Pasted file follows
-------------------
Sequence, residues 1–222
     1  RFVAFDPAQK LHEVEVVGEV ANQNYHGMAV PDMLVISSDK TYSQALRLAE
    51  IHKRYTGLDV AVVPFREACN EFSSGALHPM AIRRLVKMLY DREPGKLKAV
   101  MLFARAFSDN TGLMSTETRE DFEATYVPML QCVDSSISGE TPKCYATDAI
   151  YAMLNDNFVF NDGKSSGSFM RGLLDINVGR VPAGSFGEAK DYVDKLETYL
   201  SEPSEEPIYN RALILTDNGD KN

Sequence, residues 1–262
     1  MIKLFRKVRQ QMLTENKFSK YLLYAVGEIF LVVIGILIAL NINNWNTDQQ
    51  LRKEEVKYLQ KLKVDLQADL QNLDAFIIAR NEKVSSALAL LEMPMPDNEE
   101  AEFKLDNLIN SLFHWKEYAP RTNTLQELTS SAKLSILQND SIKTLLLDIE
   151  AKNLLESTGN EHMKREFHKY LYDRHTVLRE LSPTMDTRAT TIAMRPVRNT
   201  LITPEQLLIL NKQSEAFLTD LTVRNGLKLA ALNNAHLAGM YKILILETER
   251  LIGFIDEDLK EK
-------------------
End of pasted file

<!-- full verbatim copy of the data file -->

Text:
Sequence, residues 1–222
     1  RFVAFDPAQK LHEVEVVGEV ANQNYHGMAV PDMLVISSDK TYSQALRLAE
    51  IHKRYTGLDV AVVPFREACN EFSSGALHPM AIRRLVKMLY DREPGKLKAV
   101  MLFARAFSDN TGLMSTETRE DFEATYVPML QCVDSSISGE TPKCYATDAI
   151  YAMLNDNFVF NDGKSSGSFM RGLLDINVGR VPAGSFGEAK DYVDKLETYL
   201  SEPSEEPIYN RALILTDNGD KN

Sequence, residues 1–262
     1  MIKLFRKVRQ QMLTENKFSK YLLYAVGEIF LVVIGILIAL NINNWNTDQQ
    51  LRKEEVKYLQ KLKVDLQADL QNLDAFIIAR NEKVSSALAL LEMPMPDNEE
   101  AEFKLDNLIN SLFHWKEYAP RTNTLQELTS SAKLSILQND SIKTLLLDIE
   151  AKNLLESTGN EHMKREFHKY LYDRHTVLRE LSPTMDTRAT TIAMRPVRNT
   201  LITPEQLLIL NKQSEAFLTD LTVRNGLKLA ALNNAHLAGM YKILILETER
   251  LIGFIDEDLK EK